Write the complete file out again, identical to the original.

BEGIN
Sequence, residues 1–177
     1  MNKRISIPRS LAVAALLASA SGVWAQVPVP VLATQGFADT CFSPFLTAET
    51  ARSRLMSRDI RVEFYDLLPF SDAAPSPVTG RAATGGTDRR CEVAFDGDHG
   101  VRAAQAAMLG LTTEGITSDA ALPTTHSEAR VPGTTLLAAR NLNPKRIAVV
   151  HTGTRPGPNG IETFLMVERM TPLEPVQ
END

Sequence, residues 1–177
     1  MNKRISIPRS LAVAALLASA SGVWAQVPVP VLATQGFADT CFSPFLTAET
    51  ARSRLMSRDI RVEFYDLLPF SDAAPSPVTG RAATGGTDRR CEVAFDGDHG
   101  VRAAQAAMLG LTTEGITSDA ALPTTHSEAR VPGTTLLAAR NLNPKRIAVV
   151  HTGTRPGPNG IETFLMVERM TPLEPVQ